In 2018, almost 1.5 million people in the US were employed as Certified Nursing Assistants (CNA, also known as Home Health Aide).
The employment growth for these positions is projected to be strong translating into 137,800 new jobs opening by 2028 for the reason of the aging population.
CNAs provide useful healthcare services to elderly and disabled patients at long-term-care facilities.
They typically work under the supervision of a registered nurse or another licensed medical provider.
CNAs help patients with daily activities such as bathing, grooming, eating, monitoring vital signs, and more.
Some people can use the CNA experience as a stepping stone in the nursing or healthcare field.
Others continue working as a CNA.
The salary of CNAs depends on various factors, which we will explore below.
- How Much Does a CNA Make a Year?
- How Much Do CNAs Make an Hour?
- CNA Salary By State – How Location Impacts CNA Pay
- Other Factors That Impact How Much a CNA Makes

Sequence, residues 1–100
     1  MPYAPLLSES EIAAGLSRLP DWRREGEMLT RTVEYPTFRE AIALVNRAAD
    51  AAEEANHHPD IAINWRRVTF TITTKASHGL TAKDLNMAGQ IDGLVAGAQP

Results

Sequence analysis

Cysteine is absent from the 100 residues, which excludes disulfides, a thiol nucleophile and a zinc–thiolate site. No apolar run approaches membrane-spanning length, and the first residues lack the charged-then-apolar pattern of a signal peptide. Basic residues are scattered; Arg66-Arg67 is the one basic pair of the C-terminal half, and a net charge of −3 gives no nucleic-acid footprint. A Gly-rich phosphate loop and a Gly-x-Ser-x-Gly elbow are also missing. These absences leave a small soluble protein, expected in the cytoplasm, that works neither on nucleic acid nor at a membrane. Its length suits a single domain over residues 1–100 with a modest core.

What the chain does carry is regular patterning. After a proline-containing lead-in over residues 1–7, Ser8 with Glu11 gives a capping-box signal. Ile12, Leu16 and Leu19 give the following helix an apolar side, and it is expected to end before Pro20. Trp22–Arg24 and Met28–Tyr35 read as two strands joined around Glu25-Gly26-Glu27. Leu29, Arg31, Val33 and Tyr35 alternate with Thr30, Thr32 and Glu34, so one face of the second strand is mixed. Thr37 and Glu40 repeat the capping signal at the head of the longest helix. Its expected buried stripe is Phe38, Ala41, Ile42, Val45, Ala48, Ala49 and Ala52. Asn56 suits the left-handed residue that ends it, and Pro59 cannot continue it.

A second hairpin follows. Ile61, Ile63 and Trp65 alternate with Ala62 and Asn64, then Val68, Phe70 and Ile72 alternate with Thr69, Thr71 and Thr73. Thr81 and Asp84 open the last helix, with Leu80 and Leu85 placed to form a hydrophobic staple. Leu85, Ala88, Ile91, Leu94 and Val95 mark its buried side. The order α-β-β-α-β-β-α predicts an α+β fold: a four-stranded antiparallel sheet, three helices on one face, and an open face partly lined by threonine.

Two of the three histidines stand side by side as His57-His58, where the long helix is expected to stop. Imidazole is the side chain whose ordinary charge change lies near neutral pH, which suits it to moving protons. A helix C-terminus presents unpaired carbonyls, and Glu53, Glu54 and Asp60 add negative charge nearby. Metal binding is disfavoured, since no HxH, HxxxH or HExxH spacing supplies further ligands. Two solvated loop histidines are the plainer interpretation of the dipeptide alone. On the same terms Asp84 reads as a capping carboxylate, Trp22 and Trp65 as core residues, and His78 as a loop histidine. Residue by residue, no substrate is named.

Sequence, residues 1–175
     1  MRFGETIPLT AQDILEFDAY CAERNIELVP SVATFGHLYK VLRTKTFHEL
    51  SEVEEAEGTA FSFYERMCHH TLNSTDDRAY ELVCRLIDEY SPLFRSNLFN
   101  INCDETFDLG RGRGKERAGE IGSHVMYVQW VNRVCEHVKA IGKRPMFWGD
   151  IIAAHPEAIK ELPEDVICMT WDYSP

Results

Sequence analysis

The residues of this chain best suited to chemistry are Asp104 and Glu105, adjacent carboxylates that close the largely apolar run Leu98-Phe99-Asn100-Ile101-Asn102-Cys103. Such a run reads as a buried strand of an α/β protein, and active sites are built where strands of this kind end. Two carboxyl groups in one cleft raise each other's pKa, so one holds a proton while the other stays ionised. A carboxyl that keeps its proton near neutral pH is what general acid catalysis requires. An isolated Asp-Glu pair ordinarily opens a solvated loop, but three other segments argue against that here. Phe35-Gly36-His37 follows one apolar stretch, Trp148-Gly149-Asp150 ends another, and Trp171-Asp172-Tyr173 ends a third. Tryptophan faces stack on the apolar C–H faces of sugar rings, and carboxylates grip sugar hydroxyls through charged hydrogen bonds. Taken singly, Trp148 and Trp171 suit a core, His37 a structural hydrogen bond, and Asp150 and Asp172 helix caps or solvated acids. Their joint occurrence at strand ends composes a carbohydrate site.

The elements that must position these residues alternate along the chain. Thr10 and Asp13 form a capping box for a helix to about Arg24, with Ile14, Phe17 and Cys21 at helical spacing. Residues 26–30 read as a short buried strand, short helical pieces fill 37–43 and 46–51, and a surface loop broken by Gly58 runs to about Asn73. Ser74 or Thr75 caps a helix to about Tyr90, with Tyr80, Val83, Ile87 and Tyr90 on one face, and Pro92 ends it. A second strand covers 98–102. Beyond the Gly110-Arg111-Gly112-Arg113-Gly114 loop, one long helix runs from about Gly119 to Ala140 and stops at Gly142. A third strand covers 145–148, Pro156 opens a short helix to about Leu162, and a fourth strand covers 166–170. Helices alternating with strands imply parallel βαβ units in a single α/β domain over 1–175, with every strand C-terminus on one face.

- How Quickly Can I Start Earning a CNA Salary?
- How Does A CNA Make Compared To Other Medical Jobs like RNs or LPNs?
- Additional Compensation and Job Benefits for CNAs
- Where Can I Find Open CNA Positions?
How Much Does a CNA Make a Year?
The Bureau of Labor Statistics reports that the median salary for nursing assistants was $13.72 per hour, or $28,530 per year, as of 2018.
In 2017, it was $13.23 and $27,510 respectively.
How Much Do CNAs Make an Hour?
According to the BLS, the average hourly wage of CNAs is $13.72.
Major websites listing CNA jobs post slightly different numbers, for instance, according to PayScale, the CNA’s wage is $12.32.
SimplyHired lists $13.61 while Indeed reports $12.70.
PayScale: annual – $25,625; hourly – $12.32.
Indeed: annual – $26,416; hourly – $12.70.
SimplyHired: annual – $28,311; hourly – $13.61.
CNA Salary By State – How Location Impacts CNA Pay
One of the biggest factors influencing the salary of a CNA is the state they work in.
CNA salaries range greatly from state to state.
Alaska is the highest-paying state with $19.15 per hour.
Louisiana is the lowest-paying state with a rate of $10.94.
The salary is also higher in metro areas as there are more nursing homes and hospitals, so the demand for CNAs is higher.
The cost of living in these areas is also higher, of course, so you need to consider that too.
Below, you will find the salary information state-by-state:
- Alabama: hourly – $11.59; annual – $24,110.
- Alaska: hourly – $19.15; annual – $39,830.
- Arizona: hourly – $15.12; annual – $31,450.
- Arkansas: hourly – $12.06; annual – $25,080.
- California: hourly – $16.93; annual – $35,220.